Labdoor analyzed 14 best-selling glutamine supplements in the United States for glutamine content and heavy metal (arsenic, cadmium, lead, mercury) contamination.
Overall, measured glutamine deviated from label claims by an average of 4.3 %. Products measured an average glutamine concentration of 95.2 %, ranging from 66.3 % to 99.8 %. Research is currently inconclusive about glutamine's effectiveness for exercise performance. Dosing usually begins at 70 mg per kg body weight (4.9 g in a 70 kg individual), although products in this batch do not standardize to this amount in serving size recommendations. All tested products passed heavy metal screens for arsenic, cadmium, lead, and mercury, and recorded glutamine levels per serving well within safe limits.
Analytical Chemistry Methods: HPLC (High Performance Liquid Chromatography) to quantify glutamine levels; ICP-MS (Inductively Coupled Plasma - Mass Spectrometry) to quantify heavy metal (arsenic, cadmium, lead, mercury) load.
Lab-tested glutamine content ranged from -20.7 % to +9.4 % as compared to products’ stated label claims.
Products deviated from label claims by an average of 4.3 %. Powdered products often performed better in label accuracy compared to tablet or capsule forms. Powdered products deviated from label claims for glutamine by an average of 1.6 %. Tablet and capsule products deviated by as much as 20.7 % from glutamine label claims, averaging a deviation of 7.8 % overall.
All 14 products passed heavy metal screens for arsenic, cadmium, lead, and mercury.
All products passed heavy metal screens. This means that each product's heavy metal recordings per serving fell below California Proposition 65's proposed and established MADLs (Maximum Allowable Dose Levels) and NSRLs (No Significant Risk Levels): no more than 10 mcg/day of inorganic arsenic, 4.1 mcg/day of cadmium, 0.5 mcg/day of lead, and 0.3 mcg/day of mercury (proposed).
Glutamine products averaged a 9.99 (out of 10) in Nutritional Value scores.
Glutamine products in this batch recorded minimal quantities of calories, fats, carbohydrates, and sugars.
No flagged sweeteners, coloring agents, or preservatives were recorded in this batch analysis.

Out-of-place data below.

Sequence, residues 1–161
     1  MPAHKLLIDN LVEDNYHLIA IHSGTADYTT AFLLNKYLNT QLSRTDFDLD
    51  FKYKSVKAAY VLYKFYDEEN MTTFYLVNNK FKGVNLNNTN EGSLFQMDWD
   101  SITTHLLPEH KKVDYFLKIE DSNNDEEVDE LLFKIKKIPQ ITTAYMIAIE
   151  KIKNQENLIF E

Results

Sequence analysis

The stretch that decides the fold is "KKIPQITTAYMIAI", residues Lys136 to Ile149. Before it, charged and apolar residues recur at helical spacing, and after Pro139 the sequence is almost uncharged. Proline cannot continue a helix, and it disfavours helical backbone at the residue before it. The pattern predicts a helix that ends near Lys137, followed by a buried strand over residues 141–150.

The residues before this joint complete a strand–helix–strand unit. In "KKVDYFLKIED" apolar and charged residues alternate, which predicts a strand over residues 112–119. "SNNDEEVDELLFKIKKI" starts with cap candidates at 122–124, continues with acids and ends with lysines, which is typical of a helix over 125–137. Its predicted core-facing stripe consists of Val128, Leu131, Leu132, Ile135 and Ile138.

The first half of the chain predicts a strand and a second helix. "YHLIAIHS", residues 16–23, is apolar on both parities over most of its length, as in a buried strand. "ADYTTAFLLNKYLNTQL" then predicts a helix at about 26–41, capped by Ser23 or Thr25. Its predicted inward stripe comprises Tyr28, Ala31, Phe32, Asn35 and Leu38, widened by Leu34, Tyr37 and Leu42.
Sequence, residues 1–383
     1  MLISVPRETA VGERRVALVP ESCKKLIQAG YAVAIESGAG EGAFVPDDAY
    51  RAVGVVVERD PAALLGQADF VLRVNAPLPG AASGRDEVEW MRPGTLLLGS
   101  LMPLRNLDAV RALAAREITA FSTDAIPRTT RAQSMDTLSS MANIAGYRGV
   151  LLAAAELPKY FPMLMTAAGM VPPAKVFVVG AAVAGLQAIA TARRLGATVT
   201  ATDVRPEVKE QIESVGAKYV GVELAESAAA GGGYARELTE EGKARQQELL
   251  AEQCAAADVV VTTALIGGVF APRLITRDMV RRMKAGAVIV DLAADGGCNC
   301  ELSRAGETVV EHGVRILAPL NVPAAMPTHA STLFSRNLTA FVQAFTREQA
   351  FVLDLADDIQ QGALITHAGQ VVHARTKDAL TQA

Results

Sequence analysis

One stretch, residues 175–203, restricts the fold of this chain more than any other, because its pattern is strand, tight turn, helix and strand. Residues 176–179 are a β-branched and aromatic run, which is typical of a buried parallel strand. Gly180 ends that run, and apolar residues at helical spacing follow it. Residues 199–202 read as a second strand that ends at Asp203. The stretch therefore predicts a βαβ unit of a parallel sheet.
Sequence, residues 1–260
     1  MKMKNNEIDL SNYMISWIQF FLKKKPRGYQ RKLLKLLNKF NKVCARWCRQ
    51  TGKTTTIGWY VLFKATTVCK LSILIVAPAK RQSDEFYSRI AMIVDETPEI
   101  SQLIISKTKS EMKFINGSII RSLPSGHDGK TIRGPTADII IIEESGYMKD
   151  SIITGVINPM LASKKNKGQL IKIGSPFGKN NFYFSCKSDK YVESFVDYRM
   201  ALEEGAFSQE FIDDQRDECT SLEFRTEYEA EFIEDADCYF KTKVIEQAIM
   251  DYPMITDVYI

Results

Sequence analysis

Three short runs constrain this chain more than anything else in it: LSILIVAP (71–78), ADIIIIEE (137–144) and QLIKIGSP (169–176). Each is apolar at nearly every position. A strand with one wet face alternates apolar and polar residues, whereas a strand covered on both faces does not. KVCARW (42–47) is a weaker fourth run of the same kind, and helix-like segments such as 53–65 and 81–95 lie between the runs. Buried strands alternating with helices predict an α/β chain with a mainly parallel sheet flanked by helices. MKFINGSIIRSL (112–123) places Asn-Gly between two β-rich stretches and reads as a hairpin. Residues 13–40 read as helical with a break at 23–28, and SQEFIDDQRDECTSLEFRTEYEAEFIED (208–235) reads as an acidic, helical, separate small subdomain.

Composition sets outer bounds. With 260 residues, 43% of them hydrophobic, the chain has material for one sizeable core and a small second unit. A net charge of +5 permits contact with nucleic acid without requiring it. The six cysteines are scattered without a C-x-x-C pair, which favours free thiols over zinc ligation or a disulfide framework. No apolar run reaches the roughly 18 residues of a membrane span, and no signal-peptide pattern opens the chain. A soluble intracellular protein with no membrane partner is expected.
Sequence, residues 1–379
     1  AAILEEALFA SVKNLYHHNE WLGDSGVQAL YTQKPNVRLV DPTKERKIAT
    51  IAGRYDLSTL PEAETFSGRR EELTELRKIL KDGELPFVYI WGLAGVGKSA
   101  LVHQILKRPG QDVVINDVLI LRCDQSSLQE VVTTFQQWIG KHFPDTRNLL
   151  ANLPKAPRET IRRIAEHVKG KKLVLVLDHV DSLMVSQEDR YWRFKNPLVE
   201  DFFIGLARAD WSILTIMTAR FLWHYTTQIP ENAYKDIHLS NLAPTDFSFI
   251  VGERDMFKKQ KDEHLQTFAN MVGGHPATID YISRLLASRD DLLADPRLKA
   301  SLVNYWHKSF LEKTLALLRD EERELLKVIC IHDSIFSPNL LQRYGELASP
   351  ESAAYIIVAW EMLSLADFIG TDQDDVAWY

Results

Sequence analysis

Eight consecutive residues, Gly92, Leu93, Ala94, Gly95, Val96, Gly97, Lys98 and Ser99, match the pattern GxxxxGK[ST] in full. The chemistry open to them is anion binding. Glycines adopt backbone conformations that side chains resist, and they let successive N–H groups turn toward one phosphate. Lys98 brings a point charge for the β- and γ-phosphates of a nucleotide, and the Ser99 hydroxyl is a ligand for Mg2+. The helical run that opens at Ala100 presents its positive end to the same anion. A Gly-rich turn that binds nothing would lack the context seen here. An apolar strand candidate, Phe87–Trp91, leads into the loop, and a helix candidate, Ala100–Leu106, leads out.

All products in this batch analysis recorded safe levels of glutamine per serving. Currently, glutamine does not have an established Tolerable Upper Intake Level (UL). Glutamine appears to be safe even up to 0.65 g per kg body weight (45.5 g for a 70 kg individual) with no reported serious side effects in clinical study. People with liver, renal, or psychiatric health concerns should consult a physician before consuming large doses of supplementary amino acids like glutamine.
No synthetic sweeteners, artificial colors, or controversial preservatives were recorded in this batch of products.
Tablet and capsule products recorded the lowest glutamine concentrations in this batch, with as little as 0.663 g of glutamine per 1 g of product.
Concentrations of glutamine averaged 95.2 %, ranging from 66.3 % in Jarrow Formulations to 99.8 % in Body Fortress Glutamine Powder. Tablet and capsule formulations generally had less pure formulations of glutamine. The average glutamine concentration in tablet and capsule formulations was 90.9 %, compared to 98.4 % in powdered products.
Glutamine content per serving ranged from 547 mg to 5920 mg. Serving size recommendations are not standardized. 10 of the 14 products recommended serving sizes below 5 g, the lowest dose at which glutamine has been found to be effective in research.
Research is inconclusive about the effectiveness of glutamine supplementation for exercise. A few studies have shown that glutamine supplementation as low as 70 mg per kg body weight (4.9 g in a 70 kg individual) improved performance and recovery by increasing muscle glycogen concentrations after exhaustive exercise. However, other studies with up to 45 g of glutamine for 6 weeks concluded that glutamine was no more effective than placebo.
Research shows that exhaustive exercise lowers glutamine levels and immune defenses. 5 g of glutamine right after exhaustive exercise and then 2 hours after that has been shown in one study to boost the immune system, which reduced infection rates the following week compared to placebo.